Apologies all around... That's what I'd owe them. Long diatribes about how I regretted the pain and anguish I caused them...
Sincere explanations for why I snuffed their parents... Or robbed them 14 times at gunpoint... Or launched them into space without a decent pair of shoes... I'd be moved to deep professions about how I never planned to do it again.
Lies, all of them, of course. Because I'd do it again just the same in an eye-blink.
But they wouldn't need to know that, would they?
Still... Yesterday, as I laughed manically, plonking down yet another barrier to peace in my main character's way, I thought:
What if, as writers, we really did have to answer to the people we created, for the choices we made in their lives?
Why, one of my friends' heroes has been stuck on a Wild West desert plateau for years.
I think he'd have some interesting things to say about that.
"Ya murdered my family. You put my gal in jeopardy. Then you killed ma horse and left me on a narrow precipice with no food 'n water...
"Did you know about my inner ear problem? Did think about ma fear o' heights? Did you know I was allergic to prairie grass and gopher dander? Did you ever bother to ask me about that? Did ya? DID YA?!
"NAW! You were too busy gittin' all distracted with fact checkin' and Feelin' the Muse and creatin' historical credibility and atmosphere way th' hell back again in Chapter One! Chapter One, fer Pete's Sake! Them's is done in Chapter One, Lady! Find closure and let it go!
"So now, my equilibrium's been off for five years, my sinuses are a-killin' me and I've been balancing on a six-inch ledge while the buzzards peck my head. Goldurn it, woman-- git me offa this rock!"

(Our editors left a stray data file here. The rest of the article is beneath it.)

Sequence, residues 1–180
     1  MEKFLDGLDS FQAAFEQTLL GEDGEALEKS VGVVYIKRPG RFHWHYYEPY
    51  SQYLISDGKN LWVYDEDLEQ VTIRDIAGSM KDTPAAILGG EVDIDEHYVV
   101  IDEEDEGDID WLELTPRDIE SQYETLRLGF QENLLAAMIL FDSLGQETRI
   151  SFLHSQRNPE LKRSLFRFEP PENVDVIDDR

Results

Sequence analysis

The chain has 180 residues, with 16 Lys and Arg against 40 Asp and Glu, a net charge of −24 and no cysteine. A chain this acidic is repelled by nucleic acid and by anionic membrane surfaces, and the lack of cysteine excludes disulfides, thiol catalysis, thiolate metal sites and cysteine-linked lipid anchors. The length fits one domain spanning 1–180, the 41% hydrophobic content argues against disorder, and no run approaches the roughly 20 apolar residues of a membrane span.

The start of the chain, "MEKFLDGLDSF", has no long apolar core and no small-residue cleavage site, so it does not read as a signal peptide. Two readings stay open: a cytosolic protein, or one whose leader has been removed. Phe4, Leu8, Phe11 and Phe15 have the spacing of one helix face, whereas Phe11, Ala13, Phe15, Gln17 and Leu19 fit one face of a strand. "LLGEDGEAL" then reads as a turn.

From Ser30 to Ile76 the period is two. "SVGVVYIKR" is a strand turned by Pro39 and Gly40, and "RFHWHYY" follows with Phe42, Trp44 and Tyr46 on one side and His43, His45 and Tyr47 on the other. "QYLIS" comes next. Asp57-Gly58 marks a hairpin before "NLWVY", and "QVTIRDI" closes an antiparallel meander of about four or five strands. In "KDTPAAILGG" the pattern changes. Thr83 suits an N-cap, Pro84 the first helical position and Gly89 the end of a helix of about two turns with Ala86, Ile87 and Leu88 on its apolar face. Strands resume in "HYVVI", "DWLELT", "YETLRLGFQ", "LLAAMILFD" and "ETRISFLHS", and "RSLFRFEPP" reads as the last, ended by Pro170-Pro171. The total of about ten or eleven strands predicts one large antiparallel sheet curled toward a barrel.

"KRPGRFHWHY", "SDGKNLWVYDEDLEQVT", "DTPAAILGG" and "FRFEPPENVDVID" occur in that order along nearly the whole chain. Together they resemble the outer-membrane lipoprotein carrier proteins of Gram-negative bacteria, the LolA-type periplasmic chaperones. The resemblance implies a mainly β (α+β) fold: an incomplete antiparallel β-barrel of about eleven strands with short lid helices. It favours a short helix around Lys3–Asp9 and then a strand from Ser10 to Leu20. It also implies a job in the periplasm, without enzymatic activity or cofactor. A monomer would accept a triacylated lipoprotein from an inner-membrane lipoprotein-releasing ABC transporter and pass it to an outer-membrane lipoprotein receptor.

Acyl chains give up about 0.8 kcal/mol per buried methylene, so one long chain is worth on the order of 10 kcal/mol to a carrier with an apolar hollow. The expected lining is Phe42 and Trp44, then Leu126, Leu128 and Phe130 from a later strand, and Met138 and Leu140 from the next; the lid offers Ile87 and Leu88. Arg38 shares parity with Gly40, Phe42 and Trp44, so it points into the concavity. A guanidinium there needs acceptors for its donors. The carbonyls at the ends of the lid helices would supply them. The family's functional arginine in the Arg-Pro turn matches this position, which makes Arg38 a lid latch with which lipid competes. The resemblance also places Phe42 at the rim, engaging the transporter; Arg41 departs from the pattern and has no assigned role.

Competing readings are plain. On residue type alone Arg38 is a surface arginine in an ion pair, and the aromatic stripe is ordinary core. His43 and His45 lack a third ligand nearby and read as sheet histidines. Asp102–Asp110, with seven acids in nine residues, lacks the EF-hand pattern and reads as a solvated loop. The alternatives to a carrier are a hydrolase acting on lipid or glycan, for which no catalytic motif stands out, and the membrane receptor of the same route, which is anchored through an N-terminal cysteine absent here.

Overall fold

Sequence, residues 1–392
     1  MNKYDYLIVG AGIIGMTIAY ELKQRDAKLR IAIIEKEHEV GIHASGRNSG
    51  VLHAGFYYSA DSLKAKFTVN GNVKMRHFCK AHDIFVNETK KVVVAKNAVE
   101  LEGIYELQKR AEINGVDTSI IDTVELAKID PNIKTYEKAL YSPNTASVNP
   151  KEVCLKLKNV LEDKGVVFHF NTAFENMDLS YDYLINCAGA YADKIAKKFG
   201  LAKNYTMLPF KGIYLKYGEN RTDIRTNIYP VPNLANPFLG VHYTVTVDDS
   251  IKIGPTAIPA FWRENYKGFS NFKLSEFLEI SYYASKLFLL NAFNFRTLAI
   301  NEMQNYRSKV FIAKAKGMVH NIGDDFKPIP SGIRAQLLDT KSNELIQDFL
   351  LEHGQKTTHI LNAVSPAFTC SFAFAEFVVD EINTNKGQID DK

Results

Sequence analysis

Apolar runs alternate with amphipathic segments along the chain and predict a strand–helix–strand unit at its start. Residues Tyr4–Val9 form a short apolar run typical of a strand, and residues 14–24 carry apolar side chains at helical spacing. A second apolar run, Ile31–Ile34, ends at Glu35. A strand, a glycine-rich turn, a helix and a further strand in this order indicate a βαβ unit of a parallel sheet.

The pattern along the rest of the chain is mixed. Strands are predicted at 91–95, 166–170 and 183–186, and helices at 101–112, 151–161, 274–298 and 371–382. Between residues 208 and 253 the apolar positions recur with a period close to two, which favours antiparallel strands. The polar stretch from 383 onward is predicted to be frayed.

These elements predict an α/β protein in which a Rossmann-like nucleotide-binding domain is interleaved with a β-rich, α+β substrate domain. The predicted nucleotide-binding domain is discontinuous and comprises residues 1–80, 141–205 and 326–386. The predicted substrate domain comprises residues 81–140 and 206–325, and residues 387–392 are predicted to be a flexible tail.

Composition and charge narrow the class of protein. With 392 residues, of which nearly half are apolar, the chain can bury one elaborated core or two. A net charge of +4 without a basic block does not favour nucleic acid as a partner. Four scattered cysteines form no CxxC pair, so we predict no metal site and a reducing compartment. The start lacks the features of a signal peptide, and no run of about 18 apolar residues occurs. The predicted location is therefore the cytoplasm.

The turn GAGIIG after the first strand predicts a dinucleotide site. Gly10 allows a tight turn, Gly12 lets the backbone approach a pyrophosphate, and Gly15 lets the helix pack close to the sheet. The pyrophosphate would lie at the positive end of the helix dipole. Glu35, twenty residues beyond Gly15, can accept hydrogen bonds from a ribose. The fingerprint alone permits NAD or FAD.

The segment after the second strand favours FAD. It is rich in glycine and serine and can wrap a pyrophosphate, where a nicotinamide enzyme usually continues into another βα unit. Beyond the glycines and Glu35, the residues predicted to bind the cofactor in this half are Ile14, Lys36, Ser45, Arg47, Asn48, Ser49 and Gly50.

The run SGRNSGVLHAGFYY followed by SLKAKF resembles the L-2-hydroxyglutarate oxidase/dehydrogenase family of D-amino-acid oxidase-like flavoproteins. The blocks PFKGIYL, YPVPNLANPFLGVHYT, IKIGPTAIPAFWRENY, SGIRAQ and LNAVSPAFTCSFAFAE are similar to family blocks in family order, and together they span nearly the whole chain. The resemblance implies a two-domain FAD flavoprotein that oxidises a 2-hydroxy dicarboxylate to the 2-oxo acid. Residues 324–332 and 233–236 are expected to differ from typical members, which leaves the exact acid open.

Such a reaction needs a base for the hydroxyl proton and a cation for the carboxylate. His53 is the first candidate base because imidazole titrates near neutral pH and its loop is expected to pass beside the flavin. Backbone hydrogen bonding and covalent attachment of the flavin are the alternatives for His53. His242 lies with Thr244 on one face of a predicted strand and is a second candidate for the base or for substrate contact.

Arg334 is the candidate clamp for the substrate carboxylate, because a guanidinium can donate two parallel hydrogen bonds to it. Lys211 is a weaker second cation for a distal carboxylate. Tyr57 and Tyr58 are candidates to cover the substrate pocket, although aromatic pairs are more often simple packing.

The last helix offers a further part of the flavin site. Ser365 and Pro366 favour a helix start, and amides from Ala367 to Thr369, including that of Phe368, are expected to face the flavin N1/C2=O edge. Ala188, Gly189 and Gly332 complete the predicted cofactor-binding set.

I imagine there'd have to be a Bureau of Character Complaints to handle it all.
And I can see it now. There'd be a reception room just filled with impatient, surly and world-weary fictional characters. Some suffering from gunshot wounds. Some in mourning clothes. Some undead. Some just really pissed.
A little girl with a doll would step into the room.
Little Girl: "Hello. I'm Sara Crewe. I'd like to register a complaint. My father got amnesia in World War I and forgot all about me. So I was left penniless and forced to work as a servant girl in a cold attic and nearly died of mistreatment. Things worked out for the best at the end, but I would like to get an apology from Frances Hodgson Burnett for the middle of the book."
Receptionist: (sighing) "Sign in here and take a seat."
After a lot of rubber stamping of paperwork, the receptionist would finally stand up and announce to the collective before her:
Receptionist: "Okay-- in the interest of efficiency, we're going to break you into groups. Abused orphans over here...
(And half the cast from Dickens' books would move that direction, along with Harry Potter, Lemony Snicket's Baudelaire children, and young Miss Crewe)
Receptionist: "White hat cowboys over here... Misunderstood black hat cowboys over there...
"Native Americans treated as cannon fodder? Here are some towels and you follow Dr. Green, please...
"Characters with unsatisfying endings looking for rewrites, that room...
"If you committed murder and feel it was out of character, or you have a more believable alibi than your author gave you credit for, that room there..."
"Unless you're a Butler.... Then you need to go to Cliched Killers in room 12b...
"No, not you, Mr. Jeeves. You go to Overintelligent Servants Purposefully Stationed Far Below Their Capabilities Yet Illogically Content with Lack of Upward Mobility. Just follow those Shakespearean court jesters-- yes, they'll show you where to go."
Ah, yes. We would all have a lot to answer for, wouldn't we?
Do you know a character with a complaint-- or do you have a character who needs some closure? Send 'em along!